Marathon Van Breda trial wraps up testimony
Publish date: 04 December 2017
Issue Number: 754
Diary: IBA Legalbrief Africa
Category: South Africa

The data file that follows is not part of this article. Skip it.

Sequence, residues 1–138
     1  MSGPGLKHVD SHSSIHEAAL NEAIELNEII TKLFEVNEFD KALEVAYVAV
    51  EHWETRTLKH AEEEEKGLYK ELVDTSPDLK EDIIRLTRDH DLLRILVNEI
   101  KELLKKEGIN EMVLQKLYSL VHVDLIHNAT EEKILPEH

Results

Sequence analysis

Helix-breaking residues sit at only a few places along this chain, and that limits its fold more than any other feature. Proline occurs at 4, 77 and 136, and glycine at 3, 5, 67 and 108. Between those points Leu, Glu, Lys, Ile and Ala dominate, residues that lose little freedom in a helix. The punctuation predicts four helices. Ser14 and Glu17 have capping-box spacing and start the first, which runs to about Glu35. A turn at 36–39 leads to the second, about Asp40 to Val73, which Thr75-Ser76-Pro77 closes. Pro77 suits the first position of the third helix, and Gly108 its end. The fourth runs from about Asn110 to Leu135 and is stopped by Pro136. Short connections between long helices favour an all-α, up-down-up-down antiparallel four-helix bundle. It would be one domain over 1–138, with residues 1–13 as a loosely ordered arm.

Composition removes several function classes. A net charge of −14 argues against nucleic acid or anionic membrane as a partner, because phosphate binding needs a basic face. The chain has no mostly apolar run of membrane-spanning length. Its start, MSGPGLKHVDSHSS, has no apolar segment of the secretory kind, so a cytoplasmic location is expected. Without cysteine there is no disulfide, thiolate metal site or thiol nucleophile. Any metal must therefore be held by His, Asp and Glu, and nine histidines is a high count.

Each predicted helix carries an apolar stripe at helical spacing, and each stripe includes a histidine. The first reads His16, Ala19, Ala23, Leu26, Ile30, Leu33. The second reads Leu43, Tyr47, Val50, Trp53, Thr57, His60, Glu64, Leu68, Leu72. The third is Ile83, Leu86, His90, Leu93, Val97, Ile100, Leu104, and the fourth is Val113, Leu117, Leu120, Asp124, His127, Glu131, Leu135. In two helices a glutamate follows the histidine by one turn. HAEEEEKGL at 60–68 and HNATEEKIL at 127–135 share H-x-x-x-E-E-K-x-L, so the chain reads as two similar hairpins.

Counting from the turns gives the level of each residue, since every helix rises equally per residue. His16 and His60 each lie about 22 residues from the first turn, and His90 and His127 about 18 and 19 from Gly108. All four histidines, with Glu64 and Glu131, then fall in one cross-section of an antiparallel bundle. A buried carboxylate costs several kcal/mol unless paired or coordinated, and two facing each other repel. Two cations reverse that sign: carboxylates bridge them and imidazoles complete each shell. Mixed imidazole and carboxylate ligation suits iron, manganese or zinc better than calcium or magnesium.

Henri van Breda's defence team wrapped up its testimony in the Western Cape High Court last week, with its final witness saying the accused could have possibly attacked his family before suffering an epileptic seizure. This, neurologist Dr James Butler said, according to a News24 report, could explain why the triple-murder accused had a two-hour-and-40-minute lapse before he phoned emergency services. Butler's testimony concludes 63 days of evidence led in the trial in which Van Breda is accused of murdering his parents Teresa and Martin, and brother Rudi with an axe, and seriously injuring his sister, Marli. He has pleaded not guilty to the murders and a charge of defeating the ends of justice. Closing arguments by Advocate Susan Galloway, for the state, and defence Advocate Pieter Botha are expected in February, and judgment in March. On Wednesday, Butler, sticking to his diagnosis that the accused had juvenile myoclonic epilepsy, maintained that Van Breda's behaviour was not consistent with someone who was possibly malingering. During cross-examination, however, he agreed that it was more probable that Van Breda's self-inflicted injuries would have occurred after the murders, but before the seizure and postictal state (recovery period after a seizure). Referring to the defence's focus on Van Breda's wet pants, which Butler said would have resulted from a seizure, Judge Siraj Desai pointed out that Van Breda's family had been murdered and wet pants were a minor consequence. Butler, however, said he would argue the opposite as the incontinence was of profound significance.